The work of Bulla et al. (2011) relied on the Viterbi algorithm for decoding both in and out of sample. They applied a median filter in their out-of-sample test to reduce the number of unnecessary state shifts. That is, the predicted state at timet+ 1 was given by the median of the last six one-day-ahead state predictions. The filtering procedure reduced the number of state changes by 50–65%. A future study should consider alternative filtering procedures such as total variation regularization (Rudin et al. 1992), a generalization of the median filter.

In an in-sample setting with perfect foresight the Viterbi path is the obvious choice as it is the most likely sequence of states with fewer transitions than the smoothed path. This is, however, not the case in an out-of-sample setting based on one-step predictions. The arguments for using the Viterbi algorithm rely on the knowledge of future returns. Out of sample, where only past returns are known, it makes more sense to consider the smoothing probabilities in order to obtain the best possible prediction (cf. figure 5.1 on page 72). This facilitates a filtering procedure based on the confidence in the predicted state rather than the number of times the state has been predicted with no minimum delay in responding to regime changes.

The confidence threshold in the probability filter plays the same role as the time lag in the median filter; a higher threshold value reduces the number of transitions at the same time as increasing the risk of delaying the reaction to regime changes. Figure 5.4 shows the predicted states of the MSCI ACWI based on the adaptively estimated two-state normal HMM analyzed in section 3.5.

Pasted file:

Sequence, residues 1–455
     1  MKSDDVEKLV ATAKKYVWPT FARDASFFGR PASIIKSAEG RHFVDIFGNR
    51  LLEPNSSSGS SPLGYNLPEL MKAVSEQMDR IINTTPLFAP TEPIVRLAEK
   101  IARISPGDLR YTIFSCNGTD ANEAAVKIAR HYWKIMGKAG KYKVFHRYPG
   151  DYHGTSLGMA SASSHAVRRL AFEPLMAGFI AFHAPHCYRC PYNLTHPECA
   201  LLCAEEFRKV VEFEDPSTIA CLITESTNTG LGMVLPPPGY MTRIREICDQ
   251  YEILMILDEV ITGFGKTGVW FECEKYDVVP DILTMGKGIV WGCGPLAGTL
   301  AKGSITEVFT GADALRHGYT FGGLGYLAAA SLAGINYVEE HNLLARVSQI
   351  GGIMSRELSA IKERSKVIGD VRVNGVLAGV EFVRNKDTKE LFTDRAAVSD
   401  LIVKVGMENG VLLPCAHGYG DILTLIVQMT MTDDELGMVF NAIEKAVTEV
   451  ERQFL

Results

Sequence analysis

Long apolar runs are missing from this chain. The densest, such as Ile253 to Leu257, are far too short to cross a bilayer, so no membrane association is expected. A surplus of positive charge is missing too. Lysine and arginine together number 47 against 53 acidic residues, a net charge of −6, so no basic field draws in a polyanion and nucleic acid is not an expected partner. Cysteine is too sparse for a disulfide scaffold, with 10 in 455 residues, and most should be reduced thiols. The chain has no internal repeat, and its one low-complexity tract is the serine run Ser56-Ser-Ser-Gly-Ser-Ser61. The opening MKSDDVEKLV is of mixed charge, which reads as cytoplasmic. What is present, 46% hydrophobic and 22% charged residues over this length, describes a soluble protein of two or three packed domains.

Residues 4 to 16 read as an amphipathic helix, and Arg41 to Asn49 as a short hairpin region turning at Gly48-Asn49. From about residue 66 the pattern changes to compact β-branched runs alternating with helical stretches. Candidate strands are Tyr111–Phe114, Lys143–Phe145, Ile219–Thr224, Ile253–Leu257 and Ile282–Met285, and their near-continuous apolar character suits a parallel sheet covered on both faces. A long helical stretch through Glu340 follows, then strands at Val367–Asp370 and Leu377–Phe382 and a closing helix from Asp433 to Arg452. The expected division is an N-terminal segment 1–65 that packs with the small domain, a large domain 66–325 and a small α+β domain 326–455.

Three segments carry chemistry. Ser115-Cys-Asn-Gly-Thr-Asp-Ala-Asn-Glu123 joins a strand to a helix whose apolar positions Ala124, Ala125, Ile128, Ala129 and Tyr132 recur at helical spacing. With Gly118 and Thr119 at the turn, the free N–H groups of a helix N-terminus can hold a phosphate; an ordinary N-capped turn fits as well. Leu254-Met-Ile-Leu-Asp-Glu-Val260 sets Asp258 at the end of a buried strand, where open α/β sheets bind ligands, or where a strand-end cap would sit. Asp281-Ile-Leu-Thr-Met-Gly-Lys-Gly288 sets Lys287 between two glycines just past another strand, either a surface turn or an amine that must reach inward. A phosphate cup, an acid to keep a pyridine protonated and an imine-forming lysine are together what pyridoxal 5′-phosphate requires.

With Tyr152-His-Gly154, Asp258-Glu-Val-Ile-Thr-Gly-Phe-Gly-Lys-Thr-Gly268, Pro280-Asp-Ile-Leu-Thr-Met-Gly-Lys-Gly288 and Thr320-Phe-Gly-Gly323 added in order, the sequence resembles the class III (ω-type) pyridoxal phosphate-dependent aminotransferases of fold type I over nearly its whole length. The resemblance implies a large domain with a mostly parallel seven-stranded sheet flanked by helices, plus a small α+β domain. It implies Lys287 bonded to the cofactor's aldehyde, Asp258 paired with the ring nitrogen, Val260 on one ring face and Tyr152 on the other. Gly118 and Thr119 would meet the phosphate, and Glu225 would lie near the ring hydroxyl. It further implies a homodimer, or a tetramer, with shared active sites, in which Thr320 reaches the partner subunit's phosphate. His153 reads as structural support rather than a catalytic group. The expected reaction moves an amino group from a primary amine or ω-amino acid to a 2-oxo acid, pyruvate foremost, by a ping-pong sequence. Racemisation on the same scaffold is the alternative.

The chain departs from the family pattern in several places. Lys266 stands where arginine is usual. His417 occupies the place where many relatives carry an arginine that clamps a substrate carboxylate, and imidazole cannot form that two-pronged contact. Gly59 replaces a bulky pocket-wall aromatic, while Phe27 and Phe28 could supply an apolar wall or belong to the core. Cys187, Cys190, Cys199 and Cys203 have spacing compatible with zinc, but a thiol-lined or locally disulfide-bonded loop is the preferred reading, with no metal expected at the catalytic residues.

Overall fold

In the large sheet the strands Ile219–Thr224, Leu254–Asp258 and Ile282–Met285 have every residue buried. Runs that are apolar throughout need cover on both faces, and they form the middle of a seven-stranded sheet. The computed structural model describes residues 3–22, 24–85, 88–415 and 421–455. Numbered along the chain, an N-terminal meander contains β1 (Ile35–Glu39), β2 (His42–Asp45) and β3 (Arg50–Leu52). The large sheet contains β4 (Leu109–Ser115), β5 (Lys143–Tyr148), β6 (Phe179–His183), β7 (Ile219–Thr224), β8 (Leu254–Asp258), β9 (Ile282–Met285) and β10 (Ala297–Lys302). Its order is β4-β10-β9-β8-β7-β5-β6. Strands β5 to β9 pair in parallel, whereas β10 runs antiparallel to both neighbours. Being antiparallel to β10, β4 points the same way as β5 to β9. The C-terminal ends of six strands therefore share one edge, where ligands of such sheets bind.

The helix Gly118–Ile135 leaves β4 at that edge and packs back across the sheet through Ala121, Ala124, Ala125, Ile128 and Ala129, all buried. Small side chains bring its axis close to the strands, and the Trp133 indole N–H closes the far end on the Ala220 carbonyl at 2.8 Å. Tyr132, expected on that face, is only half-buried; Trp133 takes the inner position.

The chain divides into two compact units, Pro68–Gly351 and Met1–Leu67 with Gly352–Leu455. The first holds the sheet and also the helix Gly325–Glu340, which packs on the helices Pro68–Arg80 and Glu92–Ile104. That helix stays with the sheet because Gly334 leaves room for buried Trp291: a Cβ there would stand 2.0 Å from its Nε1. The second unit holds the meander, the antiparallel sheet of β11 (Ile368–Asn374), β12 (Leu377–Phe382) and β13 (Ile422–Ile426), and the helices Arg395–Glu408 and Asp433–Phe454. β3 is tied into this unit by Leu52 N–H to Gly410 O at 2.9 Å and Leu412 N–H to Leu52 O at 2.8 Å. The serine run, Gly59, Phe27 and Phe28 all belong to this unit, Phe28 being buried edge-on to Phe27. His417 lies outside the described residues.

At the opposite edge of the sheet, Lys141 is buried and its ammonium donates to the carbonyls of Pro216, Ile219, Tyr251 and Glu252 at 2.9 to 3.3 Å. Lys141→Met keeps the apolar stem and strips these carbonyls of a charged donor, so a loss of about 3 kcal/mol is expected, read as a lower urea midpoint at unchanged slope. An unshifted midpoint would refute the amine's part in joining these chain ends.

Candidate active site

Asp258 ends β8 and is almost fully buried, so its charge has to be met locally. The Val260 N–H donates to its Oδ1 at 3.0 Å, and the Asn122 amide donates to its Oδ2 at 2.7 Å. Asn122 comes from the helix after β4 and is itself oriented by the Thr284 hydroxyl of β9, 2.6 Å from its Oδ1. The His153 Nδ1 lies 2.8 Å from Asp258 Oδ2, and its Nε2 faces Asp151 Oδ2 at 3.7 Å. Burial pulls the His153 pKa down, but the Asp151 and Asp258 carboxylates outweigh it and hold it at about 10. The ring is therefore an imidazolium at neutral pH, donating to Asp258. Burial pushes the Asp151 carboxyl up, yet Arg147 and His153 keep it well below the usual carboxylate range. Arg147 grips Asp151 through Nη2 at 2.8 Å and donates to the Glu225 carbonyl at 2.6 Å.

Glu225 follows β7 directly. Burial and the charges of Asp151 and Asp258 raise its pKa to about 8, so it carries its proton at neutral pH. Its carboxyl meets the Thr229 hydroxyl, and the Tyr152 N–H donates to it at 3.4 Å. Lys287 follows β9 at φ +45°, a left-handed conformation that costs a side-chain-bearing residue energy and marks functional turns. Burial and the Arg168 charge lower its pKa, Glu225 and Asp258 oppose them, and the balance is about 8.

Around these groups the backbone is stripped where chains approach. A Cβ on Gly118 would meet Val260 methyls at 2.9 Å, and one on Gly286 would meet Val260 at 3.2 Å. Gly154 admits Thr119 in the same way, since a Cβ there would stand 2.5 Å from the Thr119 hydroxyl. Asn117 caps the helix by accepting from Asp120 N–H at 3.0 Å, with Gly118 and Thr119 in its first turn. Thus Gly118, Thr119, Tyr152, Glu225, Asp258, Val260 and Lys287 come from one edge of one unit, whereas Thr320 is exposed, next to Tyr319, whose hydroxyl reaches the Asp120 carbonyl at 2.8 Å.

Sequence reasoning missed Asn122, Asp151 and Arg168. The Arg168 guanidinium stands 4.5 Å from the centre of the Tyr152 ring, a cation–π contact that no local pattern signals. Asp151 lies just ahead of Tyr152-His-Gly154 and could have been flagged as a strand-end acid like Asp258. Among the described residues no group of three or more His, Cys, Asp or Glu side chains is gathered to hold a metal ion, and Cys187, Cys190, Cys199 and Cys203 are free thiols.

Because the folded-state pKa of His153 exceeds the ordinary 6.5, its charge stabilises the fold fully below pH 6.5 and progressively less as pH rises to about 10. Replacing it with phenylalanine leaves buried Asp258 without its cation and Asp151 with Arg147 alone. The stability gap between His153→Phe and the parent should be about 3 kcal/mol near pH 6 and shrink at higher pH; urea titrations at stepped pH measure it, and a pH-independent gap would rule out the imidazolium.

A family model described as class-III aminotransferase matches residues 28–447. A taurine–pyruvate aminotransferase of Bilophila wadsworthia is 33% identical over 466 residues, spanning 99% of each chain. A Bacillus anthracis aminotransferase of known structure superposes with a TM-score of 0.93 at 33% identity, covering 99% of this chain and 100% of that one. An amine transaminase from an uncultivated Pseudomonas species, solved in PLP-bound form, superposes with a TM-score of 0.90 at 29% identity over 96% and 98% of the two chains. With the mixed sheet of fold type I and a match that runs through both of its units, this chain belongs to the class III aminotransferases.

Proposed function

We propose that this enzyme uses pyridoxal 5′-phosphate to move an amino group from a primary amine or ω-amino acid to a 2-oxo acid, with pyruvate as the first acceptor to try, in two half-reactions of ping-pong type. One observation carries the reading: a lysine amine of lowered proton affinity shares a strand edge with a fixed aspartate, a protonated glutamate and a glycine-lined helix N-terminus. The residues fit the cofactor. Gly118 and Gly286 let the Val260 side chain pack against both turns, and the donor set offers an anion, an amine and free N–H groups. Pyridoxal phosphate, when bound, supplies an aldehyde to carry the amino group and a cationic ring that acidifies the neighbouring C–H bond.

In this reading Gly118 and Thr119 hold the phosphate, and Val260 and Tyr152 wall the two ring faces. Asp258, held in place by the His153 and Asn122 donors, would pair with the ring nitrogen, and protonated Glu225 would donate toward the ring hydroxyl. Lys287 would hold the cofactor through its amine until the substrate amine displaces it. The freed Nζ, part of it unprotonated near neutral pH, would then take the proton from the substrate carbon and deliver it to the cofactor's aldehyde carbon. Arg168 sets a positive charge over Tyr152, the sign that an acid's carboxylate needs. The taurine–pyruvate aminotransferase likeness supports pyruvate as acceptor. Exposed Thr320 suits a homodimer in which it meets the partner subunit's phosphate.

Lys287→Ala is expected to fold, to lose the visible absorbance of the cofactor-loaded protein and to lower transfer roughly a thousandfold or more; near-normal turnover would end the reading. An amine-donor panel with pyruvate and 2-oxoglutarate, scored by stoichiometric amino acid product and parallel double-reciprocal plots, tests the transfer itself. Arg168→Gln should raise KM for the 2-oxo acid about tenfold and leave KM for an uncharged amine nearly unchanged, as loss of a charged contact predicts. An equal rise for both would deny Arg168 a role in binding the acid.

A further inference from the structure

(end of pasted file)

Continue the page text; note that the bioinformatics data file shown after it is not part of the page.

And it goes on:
The dashed lines indicate the 92%-threshold used. If the state of day t+ 1is predicted to be different from the predicted state for day t and the confidence in the prediction exceeds the threshold, then the state is predicted to change, otherwise the state remains the same.

The predicted states are fairly similar to the Viterbi path shown in figure 5.3.

With fewer short-lived sojourns and five less transitions the predicted states are almost more similar to the Viterbi path for the two-state model that has a conditionalt-distribution in the high-variance state. The result is very sensitive to the selected threshold value as a lower threshold would increase the number of unnecessary transitions, whereas a higher threshold value would make it difficult to identity any regime changes.


Figure 5.4: The MSCI ACWI and the predicted states based on an adaptively estimated two-state normal HMM and a probability filter with a 92%-threshold. Cyan is the bull state and yellow is the bear state.

In document Regime-Based Asset Allocation (Sider 83-93)